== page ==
From City of NO to City of Yes

By Gary D. Myers

The City of No – that sure doesn’t sound like a happening place. It doesn’t sound like a city on the move . Sounds more like a place with very little opportunity.  Sounds like a place where needs go unmet and dreams go unfulfilled.

Until 2010, http://www.cityofno.com was the official web address for the New Orleans city government. Mayor Mitch Landrieu quickly changed the web address to http://www.nola.gov soon after he was elected to office. He referenced this fact in his recent State of the City speech.

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Where. When. Why. A second look.

By Gary D. Myers

Editor’s note: All the King Cake is gone and Geaux Therefore is back from the Mardi Gras break. This post on context was published in the early days of the Geaux Therefore blog. In those days, virtual no one was reading the blog, so I thought it might be time to take a second look at “where, when and why.” It isn’t a straight repeat, rather a second, updated look at context. I hope you enjoy.

Where, when and why. These are three of the most important concepts for the missional adventurer. Knowing, mastering and wrestling with each of these concepts is a life-long process.

Know where you are
By nature a photograph captures only a portion of the real scene. The photograph is stingy with space – capturing things as they really are within certain parameters. At times, the deepest communication in a photograph comes not from what is included, but from that which is missing. The photograph has captured truth – at least the portion visible in the viewfinder at a specific moment in time.

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An old lure, yet so much more

By Gary D. Myers

It’s an odd thing to keep – a beat up old fishing lure with no hooks. It’s been with me for quite a while – at least 15 years. The lure has traveled with me through various cross-country and cross-town moves. It has no value for catching fish besides I have little time for go fishing these days. I keep the lure because it means something to me.

Here’s the story. While I was working at the newspaper in Meridian, Miss., a homeless man approached me looking for a little cash. I gave him a few dollars and talked with him a little while. Before I left him, the man dug around in the shopping cart he was pushing and pulled out this fishing lure – one of his few, rather shabby earthly possessions. He was thankful for what I had given him and he wanted to give me something in return.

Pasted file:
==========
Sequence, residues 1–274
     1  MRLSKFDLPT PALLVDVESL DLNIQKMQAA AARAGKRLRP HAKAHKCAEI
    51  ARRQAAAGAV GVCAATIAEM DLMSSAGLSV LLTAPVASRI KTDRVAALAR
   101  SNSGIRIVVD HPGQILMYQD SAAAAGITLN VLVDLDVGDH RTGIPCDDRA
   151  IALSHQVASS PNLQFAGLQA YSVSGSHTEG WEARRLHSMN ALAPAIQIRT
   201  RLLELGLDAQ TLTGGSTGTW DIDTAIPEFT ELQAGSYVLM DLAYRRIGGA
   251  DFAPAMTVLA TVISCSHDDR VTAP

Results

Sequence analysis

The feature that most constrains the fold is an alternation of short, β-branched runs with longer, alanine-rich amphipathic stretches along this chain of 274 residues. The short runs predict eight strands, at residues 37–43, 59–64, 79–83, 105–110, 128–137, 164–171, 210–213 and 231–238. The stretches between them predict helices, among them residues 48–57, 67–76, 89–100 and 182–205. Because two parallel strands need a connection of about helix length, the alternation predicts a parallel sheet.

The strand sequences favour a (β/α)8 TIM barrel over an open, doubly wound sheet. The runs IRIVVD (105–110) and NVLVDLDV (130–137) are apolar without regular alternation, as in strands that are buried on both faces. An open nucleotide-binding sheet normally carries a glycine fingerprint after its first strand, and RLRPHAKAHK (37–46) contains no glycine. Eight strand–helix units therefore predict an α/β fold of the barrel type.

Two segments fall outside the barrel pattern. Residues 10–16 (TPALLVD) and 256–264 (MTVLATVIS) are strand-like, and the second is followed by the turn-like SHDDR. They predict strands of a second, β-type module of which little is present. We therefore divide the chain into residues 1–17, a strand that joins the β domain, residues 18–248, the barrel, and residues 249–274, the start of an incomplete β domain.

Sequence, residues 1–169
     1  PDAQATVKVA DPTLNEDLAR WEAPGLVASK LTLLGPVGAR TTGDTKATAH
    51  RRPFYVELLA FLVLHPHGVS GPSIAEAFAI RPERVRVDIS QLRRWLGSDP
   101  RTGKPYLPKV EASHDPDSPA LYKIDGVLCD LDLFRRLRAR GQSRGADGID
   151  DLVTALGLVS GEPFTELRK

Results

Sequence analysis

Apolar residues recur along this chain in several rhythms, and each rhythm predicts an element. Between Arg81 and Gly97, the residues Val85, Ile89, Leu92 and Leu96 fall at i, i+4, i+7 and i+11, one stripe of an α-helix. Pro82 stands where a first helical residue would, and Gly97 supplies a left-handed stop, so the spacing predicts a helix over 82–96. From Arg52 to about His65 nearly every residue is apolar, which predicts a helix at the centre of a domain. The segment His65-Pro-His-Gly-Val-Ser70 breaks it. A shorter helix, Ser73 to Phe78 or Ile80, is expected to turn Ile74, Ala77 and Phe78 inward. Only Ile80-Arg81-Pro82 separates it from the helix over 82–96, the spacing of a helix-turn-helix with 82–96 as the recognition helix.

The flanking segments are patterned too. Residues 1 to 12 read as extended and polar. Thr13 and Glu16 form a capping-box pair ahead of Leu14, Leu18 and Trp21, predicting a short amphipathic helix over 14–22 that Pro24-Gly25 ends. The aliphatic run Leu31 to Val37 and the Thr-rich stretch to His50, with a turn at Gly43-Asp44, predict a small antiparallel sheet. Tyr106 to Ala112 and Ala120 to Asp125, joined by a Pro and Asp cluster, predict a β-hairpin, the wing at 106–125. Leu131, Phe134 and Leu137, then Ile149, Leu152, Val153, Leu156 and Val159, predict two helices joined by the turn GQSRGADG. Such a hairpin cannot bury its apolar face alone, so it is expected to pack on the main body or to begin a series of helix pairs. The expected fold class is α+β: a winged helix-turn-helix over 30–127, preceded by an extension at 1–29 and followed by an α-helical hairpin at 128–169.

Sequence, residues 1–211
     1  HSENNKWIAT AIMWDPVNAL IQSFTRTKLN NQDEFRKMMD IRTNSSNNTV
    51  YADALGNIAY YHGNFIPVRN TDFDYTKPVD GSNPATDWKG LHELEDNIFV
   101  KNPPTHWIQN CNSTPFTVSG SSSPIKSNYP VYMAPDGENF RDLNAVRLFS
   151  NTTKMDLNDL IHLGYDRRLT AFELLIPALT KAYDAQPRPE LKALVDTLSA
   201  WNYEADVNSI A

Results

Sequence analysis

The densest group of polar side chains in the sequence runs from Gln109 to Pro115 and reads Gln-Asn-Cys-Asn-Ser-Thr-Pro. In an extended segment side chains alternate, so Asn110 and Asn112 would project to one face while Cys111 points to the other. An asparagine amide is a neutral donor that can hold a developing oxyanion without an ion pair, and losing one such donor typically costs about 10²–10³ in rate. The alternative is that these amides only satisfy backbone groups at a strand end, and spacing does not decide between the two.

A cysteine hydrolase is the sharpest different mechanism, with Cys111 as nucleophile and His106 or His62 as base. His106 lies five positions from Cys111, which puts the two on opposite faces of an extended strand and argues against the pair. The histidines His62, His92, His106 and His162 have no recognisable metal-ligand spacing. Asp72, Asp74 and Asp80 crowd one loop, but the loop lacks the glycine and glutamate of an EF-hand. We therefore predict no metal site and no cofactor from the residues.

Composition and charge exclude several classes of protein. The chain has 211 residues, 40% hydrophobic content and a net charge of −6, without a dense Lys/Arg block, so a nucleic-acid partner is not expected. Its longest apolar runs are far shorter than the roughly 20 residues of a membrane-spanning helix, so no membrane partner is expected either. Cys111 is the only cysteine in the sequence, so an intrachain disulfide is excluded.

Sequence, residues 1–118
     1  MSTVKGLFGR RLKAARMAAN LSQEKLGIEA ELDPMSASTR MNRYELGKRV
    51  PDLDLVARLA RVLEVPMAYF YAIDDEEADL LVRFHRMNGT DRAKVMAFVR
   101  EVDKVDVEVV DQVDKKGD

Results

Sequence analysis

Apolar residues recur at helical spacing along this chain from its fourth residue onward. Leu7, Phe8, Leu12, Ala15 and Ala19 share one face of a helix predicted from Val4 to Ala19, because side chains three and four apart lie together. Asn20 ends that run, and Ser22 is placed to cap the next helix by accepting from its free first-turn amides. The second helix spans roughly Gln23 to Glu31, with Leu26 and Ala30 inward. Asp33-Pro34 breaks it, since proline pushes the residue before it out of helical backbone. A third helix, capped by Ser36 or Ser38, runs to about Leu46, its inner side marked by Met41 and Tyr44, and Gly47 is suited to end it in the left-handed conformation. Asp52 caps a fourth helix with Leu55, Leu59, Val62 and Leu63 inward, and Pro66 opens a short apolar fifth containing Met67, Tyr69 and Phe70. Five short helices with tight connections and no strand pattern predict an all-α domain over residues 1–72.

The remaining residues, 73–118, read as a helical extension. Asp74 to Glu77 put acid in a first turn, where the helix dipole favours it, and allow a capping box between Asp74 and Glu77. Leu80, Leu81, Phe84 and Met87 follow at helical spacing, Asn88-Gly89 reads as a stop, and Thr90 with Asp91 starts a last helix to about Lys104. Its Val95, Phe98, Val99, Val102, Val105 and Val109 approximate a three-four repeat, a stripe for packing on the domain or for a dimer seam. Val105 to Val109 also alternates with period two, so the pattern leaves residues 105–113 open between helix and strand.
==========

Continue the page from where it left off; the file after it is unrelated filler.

In some ways the lure serves as a spiritual marker for me. In the Bible, the Hebrews often set up spiritual markers, reminders when God did something special for them. When they crossed the Jordan River they carried 12 stones from the middle of the river and stacked them up as a tangible reminder that God had kept His promise to them. The marker was meant to help them remember the lesson. And as we all know, lessons are easy to forget.

The lure is tangible reminder of what God was doing in my life at that time and what He was about to do during the next 15 years. What was he doing back then? Giving me a heart to reach out to the cast-offs of society. This work in my life didn’t start in Meridian, but living there helped me along on the journey. Growing up around poverty in rural Oklahoma, I naturally had compassion for the poor. I learned to reject the easy characterizations and stereotypes people often attach to the poor. Trips to inner-city Houston and Los Angeles helped push me along the path. But Meridian, located on a major interstate between Atlanta and Dallas collected its fair share of homeless people. There I encountered the homeless on a daily or a least weekly basis. I learned a lot about treating poor people with dignity in Meridian. I learned that you cannot share the gospel with the poor and homeless if you see yourself as superior to them. No one’s salvation costs any more or less than mine.

Caring about those on the margins isn’t always popular. Once I was approached by a man in a grocery store parking lot in Meridian. He was seeking money for food. I told him that I would buy extra groceries for him while I did my own grocery shopping. I came out a few minutes later with a bag of food for him. The man was happy to receive the food, but the assistant manager who saw me give the man the food wasn’t happy at all. He said I shouldn’t have done that. He believed that the store would be overrun with “unworthy beggars.” He thought having homeless around would be bad for business (even though I bought extra groceries just a few minutes earlier – it was at least good for business that day). This assistant manager made his proclamation loudly for all to hear, including the homeless man and several other customers.

I went on to Pittsburgh where I encountered the homeless on a daily basis near the University of Pittsburgh campus and often volunteered at a shelter. Then I moved on to Kansas City where I volunteered at another shelter. By the time I made it to New Orleans, I had learned a lot about compassion ministry. Most of all, I had become more comfortable sharing my faith while meeting physical needs.

So this broken-down fishing lure reminds me of that encounter in Meridian, but it reminds me of all the ways God has prepared me to minister to those on the margins of society. It reminds me that God has a plan and He prepared me for the ministry opportunities I have in New Orleans.

The symbolism of the fishing lure is not lost on me. When Jesus called Peter and John (who were fishermen) He said He would make them “fishers of men.” The lure is not only a reminder that I am supposed to be sharing the gospel (fishing for men), it is also a reminder of who God has called me to minister to – the castoffs, the forgotten and the down and out.